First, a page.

To that end, the Court of Appeals found that “the magnitude of the disparity, evidencing a systematic pattern of municipal expenditures in all areas of town except the black community, is explicable only on racial grounds.” For example, a City ordinance prohibited African-Americans from living in any neighborhood north of the railroad tracks until 1968. That geographic isolation, coupled with significant under-representation in administrative and elective positions in the City left the African-American neighborhood south of the railroad tracks subject to habitual and longstanding neglect with regard to the provision of municipal services. Therefore, the Court of Appeals held, the “continued and systematic relative deprivation of the black community was the obviously foreseeable outcome of spending nearly all revenue sharing monies received on the white community in preference to the visibly underserviced black community.”

The Court also found the City’s contention that the District Court abused its discretion by awarding the Plaintiffs their attorneys' fees to be meritless. If the District Court found that the inequalities in municipal services experienced by the African-Americans residents of the City was a violation of the Equal Protection Clause, then it had inherent equitable power to create a remedy commensurate to the violation. The Court also denied the City’s contention that District Court abused its discretion by awarding the Plaintiffs their attorneys' fees even for (i) issues that had been dismissed, (ii) attorneys who performed similar work, and (iii) meetings that were held prior to the formal existence of the attorney-client relationship. The Court held that the award of attorneys’ fees is left to the “sound discretion of the trial judge” which was not abused in this case.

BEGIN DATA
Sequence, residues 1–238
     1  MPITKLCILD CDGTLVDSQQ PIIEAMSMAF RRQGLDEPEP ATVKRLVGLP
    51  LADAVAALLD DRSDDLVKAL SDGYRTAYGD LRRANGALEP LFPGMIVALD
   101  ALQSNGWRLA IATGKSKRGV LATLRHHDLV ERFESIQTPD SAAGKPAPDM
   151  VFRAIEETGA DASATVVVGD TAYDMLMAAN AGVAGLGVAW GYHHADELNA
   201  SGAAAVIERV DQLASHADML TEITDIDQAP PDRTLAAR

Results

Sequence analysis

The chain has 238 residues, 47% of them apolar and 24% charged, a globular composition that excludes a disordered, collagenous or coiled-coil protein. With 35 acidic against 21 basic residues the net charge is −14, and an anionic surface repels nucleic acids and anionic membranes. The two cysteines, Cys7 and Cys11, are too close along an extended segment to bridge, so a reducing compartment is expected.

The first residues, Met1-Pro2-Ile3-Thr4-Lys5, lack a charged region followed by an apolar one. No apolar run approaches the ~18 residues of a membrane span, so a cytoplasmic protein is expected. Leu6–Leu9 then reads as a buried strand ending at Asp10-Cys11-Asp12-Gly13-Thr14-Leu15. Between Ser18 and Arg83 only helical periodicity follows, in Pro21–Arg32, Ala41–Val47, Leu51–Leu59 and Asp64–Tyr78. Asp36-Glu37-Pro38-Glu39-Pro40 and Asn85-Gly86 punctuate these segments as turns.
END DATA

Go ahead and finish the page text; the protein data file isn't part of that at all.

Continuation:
Finally, the Court of Appeals held that the District Court applied the wrong statute in refusing to require the City to reimburse the Plaintiffs for it’s attorneys’ travel, telephone and postage expenses. Accordingly, it reversed that portion of the opinion and remanded the case to the District Court for a factual determination on whether and how much of the requested expense reimbursement is reimbursable in light of the applicable standard.

“The gravamen of Plaintiffs' claim is that Apopka has intentionally maintained a racially and geographically segregated system of municipal services as a result of which the disparities in the provision of street paving, water distribution, and storm drainage facilities have reached constitutional proportions. Discriminatory intent is not synonymous with a racially discriminatory motive.” (Page 3)

“[It does not] require proof that racial discrimination is the sole purpose...behind each failure to equalize these services. It is, rather, the cumulative evidence of action and inaction which objectively manifests discriminatory intent.” (Page 3)

“The continued and systematic relative deprivation of the black community was the obviously foreseeable outcome of spending nearly all revenue sharing monies received on the white community in preference to the visibly underserviced black community.” (Page 4)